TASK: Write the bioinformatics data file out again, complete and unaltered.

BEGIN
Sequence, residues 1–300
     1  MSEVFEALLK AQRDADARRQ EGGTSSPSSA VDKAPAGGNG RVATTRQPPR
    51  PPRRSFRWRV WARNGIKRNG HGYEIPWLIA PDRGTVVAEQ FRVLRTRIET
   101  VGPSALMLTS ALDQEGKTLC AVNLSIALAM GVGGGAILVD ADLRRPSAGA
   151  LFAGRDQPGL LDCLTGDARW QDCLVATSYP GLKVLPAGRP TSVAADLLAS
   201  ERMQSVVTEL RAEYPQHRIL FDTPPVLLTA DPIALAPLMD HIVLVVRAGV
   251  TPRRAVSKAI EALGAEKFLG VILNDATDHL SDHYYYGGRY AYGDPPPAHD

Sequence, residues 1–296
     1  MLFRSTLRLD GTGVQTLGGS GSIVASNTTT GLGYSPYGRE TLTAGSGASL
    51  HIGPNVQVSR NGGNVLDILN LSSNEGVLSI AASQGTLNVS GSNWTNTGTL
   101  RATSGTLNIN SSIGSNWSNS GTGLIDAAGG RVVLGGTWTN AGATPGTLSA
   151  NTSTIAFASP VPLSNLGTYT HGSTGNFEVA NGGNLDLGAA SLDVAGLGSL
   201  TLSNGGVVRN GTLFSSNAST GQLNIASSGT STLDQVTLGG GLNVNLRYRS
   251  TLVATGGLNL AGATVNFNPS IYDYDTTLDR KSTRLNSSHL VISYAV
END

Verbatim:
Sequence, residues 1–300
     1  MSEVFEALLK AQRDADARRQ EGGTSSPSSA VDKAPAGGNG RVATTRQPPR
    51  PPRRSFRWRV WARNGIKRNG HGYEIPWLIA PDRGTVVAEQ FRVLRTRIET
   101  VGPSALMLTS ALDQEGKTLC AVNLSIALAM GVGGGAILVD ADLRRPSAGA
   151  LFAGRDQPGL LDCLTGDARW QDCLVATSYP GLKVLPAGRP TSVAADLLAS
   201  ERMQSVVTEL RAEYPQHRIL FDTPPVLLTA DPIALAPLMD HIVLVVRAGV
   251  TPRRAVSKAI EALGAEKFLG VILNDATDHL SDHYYYGGRY AYGDPPPAHD

Sequence, residues 1–296
     1  MLFRSTLRLD GTGVQTLGGS GSIVASNTTT GLGYSPYGRE TLTAGSGASL
    51  HIGPNVQVSR NGGNVLDILN LSSNEGVLSI AASQGTLNVS GSNWTNTGTL
   101  RATSGTLNIN SSIGSNWSNS GTGLIDAAGG RVVLGGTWTN AGATPGTLSA
   151  NTSTIAFASP VPLSNLGTYT HGSTGNFEVA NGGNLDLGAA SLDVAGLGSL
   201  TLSNGGVVRN GTLFSSNAST GQLNIASSGT STLDQVTLGG GLNVNLRYRS
   251  TLVATGGLNL AGATVNFNPS IYDYDTTLDR KSTRLNSSHL VISYAV